In this volume, a distinguished collection of historians and political scientists reflect on France's evolution as a political community from the nineteenth century to the present. France is often seen as a 'Jacobin' polity, committed to the principles of national unity and state centralization, a robust conception of patriotism, the promotion of a uniform and homogenous culture on its society, and the defence of the general interest against sectional concerns. The overall aims of the book are threefold: firstly to map out the key features of this 'Jacobin' model as it emerged in nineteenth century France; secondly to explore the institutional, political, and social realities which lay behind its rhetoric, and often subverted its grand objectives; and thirdly to offer an overview of the transformation of this French Jacobinism, as it has sought to adapt itself to such significant changes as the impact of successive wars, the establishment of republican government, the emergence of the welfare state, the drive towards European integration, and development of regionalism and multiculturalism. Among the principal themes of the book are: the place of war in shaping republican political culture, the role of elites, the administrative structure of the French state, the definition of the principles of good citizenship, and the question of territoriality. French specialists from Britain, Europe, and United States come together to offer an original and timely evaluationof the 'French model' of state building, associational activity, and civic integration. Shedding new light on the specificities of modern French political culture, this collection of essays will appeal to historians and political scientists interested in the transformation of French public institutions and society, as well as comparativists seeking a deeper understanding of the French political system. This volume is a tribute to the scholarship of the late Vincent Wright, former OfficialFellow, Nuffield College, Univeristy of Oxford.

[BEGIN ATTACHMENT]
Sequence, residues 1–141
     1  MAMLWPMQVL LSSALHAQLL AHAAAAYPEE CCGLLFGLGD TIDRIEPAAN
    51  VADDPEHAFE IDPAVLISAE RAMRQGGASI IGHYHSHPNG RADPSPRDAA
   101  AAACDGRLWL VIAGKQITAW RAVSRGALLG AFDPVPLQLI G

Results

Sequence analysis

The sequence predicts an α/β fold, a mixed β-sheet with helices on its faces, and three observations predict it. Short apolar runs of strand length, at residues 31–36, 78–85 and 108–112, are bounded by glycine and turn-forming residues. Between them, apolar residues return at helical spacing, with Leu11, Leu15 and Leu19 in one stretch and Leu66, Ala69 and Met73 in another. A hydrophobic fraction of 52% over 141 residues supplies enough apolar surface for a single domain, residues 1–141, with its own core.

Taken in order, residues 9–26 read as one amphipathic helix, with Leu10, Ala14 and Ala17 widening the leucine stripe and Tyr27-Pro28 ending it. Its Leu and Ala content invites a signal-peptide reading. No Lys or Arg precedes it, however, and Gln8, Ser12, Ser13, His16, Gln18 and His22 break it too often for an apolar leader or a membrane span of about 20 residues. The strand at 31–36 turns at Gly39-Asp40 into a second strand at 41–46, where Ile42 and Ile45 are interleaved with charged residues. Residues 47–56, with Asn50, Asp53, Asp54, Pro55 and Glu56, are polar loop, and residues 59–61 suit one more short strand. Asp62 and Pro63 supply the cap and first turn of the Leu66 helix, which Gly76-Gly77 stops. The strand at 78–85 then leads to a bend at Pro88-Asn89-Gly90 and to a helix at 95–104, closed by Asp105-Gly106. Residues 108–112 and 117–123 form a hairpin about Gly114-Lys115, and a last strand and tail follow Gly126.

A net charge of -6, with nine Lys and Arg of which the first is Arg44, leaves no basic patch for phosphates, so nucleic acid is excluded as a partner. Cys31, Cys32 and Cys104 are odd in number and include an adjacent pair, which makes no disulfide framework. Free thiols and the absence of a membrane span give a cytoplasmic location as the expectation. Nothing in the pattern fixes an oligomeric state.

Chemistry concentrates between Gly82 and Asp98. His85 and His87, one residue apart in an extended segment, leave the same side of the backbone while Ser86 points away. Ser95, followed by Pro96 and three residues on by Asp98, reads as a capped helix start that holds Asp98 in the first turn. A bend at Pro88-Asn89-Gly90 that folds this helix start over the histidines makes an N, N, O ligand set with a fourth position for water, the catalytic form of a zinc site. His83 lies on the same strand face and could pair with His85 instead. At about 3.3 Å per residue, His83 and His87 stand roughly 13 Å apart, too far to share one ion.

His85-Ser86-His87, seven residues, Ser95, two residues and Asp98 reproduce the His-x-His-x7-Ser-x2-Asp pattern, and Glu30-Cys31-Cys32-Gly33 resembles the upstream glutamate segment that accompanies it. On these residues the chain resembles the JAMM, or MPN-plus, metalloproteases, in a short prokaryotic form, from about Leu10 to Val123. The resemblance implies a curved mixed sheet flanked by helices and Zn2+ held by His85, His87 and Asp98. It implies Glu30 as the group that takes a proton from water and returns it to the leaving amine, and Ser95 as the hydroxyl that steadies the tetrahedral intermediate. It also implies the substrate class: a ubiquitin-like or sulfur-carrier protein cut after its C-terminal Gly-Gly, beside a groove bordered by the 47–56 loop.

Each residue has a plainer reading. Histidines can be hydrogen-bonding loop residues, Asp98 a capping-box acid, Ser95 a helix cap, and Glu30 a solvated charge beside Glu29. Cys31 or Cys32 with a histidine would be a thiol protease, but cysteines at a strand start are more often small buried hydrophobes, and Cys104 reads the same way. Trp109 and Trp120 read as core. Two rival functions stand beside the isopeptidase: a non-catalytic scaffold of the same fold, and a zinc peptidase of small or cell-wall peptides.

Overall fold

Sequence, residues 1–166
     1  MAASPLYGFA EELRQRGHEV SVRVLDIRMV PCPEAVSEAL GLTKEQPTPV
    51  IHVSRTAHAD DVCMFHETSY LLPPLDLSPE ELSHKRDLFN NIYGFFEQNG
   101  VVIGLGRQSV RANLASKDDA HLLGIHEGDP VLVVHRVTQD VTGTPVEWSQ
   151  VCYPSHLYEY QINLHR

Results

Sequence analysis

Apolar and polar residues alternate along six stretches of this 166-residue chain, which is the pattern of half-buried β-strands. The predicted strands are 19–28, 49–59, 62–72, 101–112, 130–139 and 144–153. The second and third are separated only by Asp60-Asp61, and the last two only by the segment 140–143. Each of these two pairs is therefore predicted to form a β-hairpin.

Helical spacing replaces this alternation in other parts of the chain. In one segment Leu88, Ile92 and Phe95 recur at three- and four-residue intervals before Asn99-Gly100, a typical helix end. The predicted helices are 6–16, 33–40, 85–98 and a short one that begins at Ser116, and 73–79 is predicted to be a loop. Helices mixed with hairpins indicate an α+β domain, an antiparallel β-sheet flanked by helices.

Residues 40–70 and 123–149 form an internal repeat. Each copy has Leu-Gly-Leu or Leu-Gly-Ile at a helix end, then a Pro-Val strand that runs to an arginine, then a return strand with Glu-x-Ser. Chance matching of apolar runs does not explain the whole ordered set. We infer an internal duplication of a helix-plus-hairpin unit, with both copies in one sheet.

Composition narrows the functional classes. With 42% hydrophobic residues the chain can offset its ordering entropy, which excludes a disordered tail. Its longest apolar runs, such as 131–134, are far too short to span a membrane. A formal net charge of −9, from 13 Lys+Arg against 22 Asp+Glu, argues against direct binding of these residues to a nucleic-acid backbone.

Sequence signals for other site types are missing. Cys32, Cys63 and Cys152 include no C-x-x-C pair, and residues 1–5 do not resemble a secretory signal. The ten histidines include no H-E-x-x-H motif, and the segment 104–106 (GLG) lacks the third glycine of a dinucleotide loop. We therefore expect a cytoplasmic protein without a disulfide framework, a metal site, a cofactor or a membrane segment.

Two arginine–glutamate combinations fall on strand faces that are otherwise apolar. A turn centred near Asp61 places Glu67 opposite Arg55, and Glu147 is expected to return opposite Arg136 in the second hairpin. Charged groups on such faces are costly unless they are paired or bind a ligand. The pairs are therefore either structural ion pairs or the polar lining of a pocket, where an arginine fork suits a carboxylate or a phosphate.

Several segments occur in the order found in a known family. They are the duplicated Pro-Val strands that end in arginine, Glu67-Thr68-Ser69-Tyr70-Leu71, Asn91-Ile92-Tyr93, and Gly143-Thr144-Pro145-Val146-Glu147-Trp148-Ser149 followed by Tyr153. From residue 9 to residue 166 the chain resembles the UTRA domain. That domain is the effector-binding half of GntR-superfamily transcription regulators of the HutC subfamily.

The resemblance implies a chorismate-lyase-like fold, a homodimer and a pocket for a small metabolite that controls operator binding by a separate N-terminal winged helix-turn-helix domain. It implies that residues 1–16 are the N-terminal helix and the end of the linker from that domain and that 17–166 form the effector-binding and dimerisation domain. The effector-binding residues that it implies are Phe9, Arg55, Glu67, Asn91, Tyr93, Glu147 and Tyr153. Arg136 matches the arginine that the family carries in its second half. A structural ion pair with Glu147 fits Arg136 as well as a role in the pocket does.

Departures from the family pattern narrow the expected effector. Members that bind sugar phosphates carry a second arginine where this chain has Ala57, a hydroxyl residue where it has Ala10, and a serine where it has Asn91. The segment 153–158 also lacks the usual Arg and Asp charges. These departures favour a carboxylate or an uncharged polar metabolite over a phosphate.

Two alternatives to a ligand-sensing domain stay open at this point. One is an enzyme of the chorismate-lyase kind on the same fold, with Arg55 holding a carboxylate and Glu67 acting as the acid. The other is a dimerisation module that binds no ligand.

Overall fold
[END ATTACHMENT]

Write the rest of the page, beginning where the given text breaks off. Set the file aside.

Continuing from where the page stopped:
Author: Nick Hornby
Publisher: Penguin UK
A famous account of growing up to be a fanatical football supporter. Told through a series of match reports, FEVER PITCH has enjoyed enormous critical and commercial success since it was first published in 1992. It has helped to create a new kind ofsports writing, and established Hornby as one of the finest writers of his generation.